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Two senior Sotheby’s International players jump ship to Chestertons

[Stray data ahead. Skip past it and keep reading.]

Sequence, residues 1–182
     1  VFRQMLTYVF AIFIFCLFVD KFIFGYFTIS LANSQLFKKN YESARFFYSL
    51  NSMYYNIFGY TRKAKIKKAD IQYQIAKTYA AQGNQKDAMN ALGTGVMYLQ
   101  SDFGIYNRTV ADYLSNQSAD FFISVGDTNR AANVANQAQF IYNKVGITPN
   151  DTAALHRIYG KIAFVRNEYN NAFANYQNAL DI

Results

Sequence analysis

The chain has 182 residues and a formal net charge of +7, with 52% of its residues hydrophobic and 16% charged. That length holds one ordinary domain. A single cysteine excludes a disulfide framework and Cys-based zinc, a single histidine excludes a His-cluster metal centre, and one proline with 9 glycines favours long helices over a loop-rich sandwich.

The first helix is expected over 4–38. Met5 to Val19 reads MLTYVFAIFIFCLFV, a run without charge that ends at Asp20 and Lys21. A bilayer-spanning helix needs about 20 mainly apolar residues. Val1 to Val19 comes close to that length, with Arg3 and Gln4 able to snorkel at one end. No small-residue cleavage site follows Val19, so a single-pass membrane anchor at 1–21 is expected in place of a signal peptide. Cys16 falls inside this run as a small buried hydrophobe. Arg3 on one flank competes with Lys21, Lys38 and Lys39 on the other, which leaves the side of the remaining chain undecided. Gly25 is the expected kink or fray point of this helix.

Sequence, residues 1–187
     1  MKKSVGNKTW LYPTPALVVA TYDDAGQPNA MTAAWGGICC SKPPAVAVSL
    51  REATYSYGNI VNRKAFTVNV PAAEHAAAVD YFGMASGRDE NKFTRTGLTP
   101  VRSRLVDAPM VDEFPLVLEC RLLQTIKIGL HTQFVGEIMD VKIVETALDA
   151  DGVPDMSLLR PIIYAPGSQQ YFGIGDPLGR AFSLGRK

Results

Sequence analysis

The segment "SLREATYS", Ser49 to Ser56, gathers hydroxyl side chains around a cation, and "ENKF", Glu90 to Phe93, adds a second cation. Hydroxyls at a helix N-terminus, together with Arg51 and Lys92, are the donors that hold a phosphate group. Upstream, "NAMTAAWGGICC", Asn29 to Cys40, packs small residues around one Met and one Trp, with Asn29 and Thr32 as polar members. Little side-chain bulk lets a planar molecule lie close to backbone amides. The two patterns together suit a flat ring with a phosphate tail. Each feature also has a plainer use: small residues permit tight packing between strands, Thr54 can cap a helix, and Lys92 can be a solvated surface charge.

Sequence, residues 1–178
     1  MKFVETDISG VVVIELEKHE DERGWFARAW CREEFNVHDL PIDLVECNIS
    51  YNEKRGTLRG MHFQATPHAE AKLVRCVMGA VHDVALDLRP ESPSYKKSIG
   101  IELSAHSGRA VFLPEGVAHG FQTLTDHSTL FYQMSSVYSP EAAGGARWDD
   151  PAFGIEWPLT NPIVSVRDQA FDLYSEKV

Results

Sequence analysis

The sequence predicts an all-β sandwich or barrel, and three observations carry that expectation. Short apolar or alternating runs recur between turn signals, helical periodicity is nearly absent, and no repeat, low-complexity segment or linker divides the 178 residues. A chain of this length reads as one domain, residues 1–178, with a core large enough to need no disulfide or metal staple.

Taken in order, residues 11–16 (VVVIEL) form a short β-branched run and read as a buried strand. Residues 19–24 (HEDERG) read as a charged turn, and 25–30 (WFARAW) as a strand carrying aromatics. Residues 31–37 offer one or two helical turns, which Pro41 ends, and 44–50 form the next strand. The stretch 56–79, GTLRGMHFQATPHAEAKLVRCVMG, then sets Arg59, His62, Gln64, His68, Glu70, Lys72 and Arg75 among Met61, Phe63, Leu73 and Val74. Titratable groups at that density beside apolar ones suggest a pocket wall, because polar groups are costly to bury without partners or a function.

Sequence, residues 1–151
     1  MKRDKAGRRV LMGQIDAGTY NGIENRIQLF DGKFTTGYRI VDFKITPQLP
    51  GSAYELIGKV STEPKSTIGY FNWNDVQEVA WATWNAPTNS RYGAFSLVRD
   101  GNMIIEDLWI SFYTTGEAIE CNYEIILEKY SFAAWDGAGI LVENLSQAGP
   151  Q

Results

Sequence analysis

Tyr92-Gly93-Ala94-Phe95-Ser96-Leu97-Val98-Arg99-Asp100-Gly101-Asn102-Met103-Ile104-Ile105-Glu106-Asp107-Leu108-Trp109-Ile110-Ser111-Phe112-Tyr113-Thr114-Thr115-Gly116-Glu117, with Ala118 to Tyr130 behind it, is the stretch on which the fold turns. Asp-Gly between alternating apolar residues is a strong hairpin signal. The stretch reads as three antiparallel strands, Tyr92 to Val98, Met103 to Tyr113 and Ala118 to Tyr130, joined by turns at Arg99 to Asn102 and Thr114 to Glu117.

first_imgHome » News » Agencies & People » Two senior Sotheby’s International players jump ship to Chestertons previous nextAgencies & PeopleTwo senior Sotheby’s International players jump ship to ChestertonsJamie McMullan and David Russell’s arrival are part of Chestertons’ plans to expand and develop its existing franchise network.Nigel Lewis20th February 20200912 Views Chestertons’ recently-launched drive to expand and develop its existing franchised estate agency business took a step forward today following the appointment of two new big hitters to its team poached from Sothebys International.Jamie McMullan joins as Chief Operating Officer for UK & Europe Franchising and David Russell has been appointed Chief Marketing Officer for Global Franchising and New Homes.They join the growing team of franchising experts brought on board since Chestertons revealed its franchising plans in May last year, which include expansion in both the UK and Europe.Both McMullan and Russell are key hires because they were instrumental in the success of the Sotheby’s franchised global network of branches which is now a major player in the world prime property sector.International teamThe Chestertons team are an international lot; based in Dubai the team is spread around the world including International COO Gavin Vercoe who is in Germany, CEO Nick Whitty in the UAE, Jamie McMullan in London and David Russell in York and London.McMullan will be responsible for the roll-out of Chestertons’ franchise programme in the UK and Europe, while Russell will spearhead the strategic planning and execution of the brand’s global media programme to drive further awareness of the brand and its offices to prospective franchisees.Salah Mussa, Chairman of the Chestertons Group, says: “The fact that two hard-hitting hires have joined us from one of the world’s largest international real estate companies is representative of our direction of travel for the business.”David Russell Jamie McMullan Chestertons February 20, 2020Nigel LewisWhat’s your opinion? Cancel replyYou must be logged in to post a comment.Please note: This is a site for professional discussion. Comments will carry your full name and company.This site uses Akismet to reduce spam. Learn how your comment data is processed.Related articles Letting agent fined £11,500 over unlicenced rent-to-rent HMO3rd May 2021 BREAKING: Evictions paperwork must now include ‘breathing space’ scheme details30th April 2021 City dwellers most satisfied with where they live30th April 2021last_img read more